110,002 supporters
Update posted 1 month ago

Petition to Joseph R. Biden, Kamala Harris, Madeleine Dean, Jenniffer González-Colón, Gregory W. Meeks, Doris Matsui, Debbie Dingle

Petition to Advance the Rights of Widows in the United States and Worldwide

In the United States, widows are expected to control most of the $30 trillion in wealth of the baby boomer generation by 2030 -- a potential wealth transfer that approaches the annual GDP of the United States¹; yet American WIDOWS remain mostly invisible in the eyes of policy makers and the law. Every day, widows continue to fight for their rightful estates, social security benefits, bereavement leave, and access to healthcare.  Internationally, over 300 million widows endure systematic disinheritance of their rightful property, eviction, discrimination at the hands of laws and culture, and violent traditional cleansing rights that plunge them, and 600 million children, into vicious underworlds of poverty, human trafficking, child marriage, and violence.  And Covid-19 is a #WidowMaker. It’s time we begin to recognize the needs of widows, and their families, in the United States and beyond. It’s time to #MakeWidowsMatter.  We propose these important widow/widower recognitions: 1) Create a new office entitled The Office on Widowed Persons (OWP) within the Administration for Children & Families (ACF), a division of the US Department of Health & Human Services (HHS).  The purpose of OWP would be to protect and assist widows and widowers in the United States. 2) Increase the number of bereavement days to be equal to the current allowable days for childbirth leave provided under Family and Medical Leave Act (FMLA). 3) Increase the current one-time survivor death benefit payment from $255 to $1,500. 4) Provide free healthcare (Medicare-like disability) for widows for a term of two to three years from the death of a spouse. 5) Introduce legislation ensuring the protection and monitoring of widows’ rights is prioritized in the future issuance of foreign aid. 6) Require the U.S. Department of State to include widows in its international human rights reporting requirements and to create programs to facilitate their economic and legal empowerment. 7) Call for the U.S. to propose a resolution in the United Nations General Assembly to protect rights and security of widows in the US and globally. 8) Call for the U.S. to propose a resolution in the United Nations Security Council to protect rights and security of widows in conflict and post conflict contexts. 9) Recognize International Widows' Day June 23 to coincide with the United Nations  10) Designate U.S. National Widows' Week of Awareness - Annually, the week after Father’s Day. Father’s Day was inspired by a widower, and this is one way to honor mothers who act in place of fathers. 11) Designate U.S. National Widowers Week of Awareness - Recognized annually, the week after Mother’s Day. Mother’s day was inspired by a widow, and this is one way to honor fathers who act in place of mothers.'s_Day  Mr. President, Madam Vice-President, and members of Congress, the United States of America would be the first and only country to take such important steps towards the needs of this group of citizens. Let's lead the charge for these audacious and necessary changes. Modern Widows Club, Global Fund for Widows, and our joint community of global supporters and partners are fully behind these important proposals to improve widowed persons’ lives worldwide.  #ModernWidowsClub #GlobalFundForWidows #OneMillionWidows #WidowAdvocacy #WidowRights #MakeWidowsMatter #CovidIsaWidowMaker Citation: ¹ McKinsey & Company Financial "Women as the next wave of growth in U.S. wealth management" July, 29, 2020.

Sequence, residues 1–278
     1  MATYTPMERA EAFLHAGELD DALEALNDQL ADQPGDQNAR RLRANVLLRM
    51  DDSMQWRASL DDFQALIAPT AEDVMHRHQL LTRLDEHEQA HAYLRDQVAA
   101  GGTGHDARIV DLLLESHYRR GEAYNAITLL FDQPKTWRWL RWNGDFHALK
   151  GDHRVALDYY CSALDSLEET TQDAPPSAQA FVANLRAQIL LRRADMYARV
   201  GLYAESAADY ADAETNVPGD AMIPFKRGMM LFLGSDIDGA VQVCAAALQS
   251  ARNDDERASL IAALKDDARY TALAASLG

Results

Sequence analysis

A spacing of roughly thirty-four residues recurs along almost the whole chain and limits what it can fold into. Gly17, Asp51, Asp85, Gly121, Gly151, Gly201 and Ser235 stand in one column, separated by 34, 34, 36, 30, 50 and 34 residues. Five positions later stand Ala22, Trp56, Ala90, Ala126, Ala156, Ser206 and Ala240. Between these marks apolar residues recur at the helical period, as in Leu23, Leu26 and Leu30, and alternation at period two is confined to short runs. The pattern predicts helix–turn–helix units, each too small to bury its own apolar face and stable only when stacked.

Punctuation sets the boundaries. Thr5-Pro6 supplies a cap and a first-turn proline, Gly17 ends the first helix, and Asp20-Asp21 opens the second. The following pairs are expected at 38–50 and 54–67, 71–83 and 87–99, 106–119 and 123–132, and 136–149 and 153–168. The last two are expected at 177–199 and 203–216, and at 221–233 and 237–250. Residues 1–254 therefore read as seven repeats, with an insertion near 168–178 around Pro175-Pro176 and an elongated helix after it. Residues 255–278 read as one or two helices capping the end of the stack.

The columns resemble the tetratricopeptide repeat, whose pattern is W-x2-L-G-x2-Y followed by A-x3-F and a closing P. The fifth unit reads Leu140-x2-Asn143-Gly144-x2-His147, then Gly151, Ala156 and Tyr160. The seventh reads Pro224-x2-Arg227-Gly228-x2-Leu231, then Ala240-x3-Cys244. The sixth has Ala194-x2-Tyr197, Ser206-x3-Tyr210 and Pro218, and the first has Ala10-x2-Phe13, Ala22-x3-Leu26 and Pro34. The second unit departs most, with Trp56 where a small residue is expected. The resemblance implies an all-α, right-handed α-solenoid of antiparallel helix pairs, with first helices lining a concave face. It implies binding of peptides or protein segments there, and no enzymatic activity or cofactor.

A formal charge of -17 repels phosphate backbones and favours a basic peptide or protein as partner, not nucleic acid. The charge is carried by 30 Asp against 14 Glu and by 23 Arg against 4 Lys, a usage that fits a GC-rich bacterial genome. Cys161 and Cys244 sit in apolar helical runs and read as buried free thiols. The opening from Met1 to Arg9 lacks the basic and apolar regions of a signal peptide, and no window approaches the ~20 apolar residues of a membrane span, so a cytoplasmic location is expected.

Modern Widows Club
8,504 supporters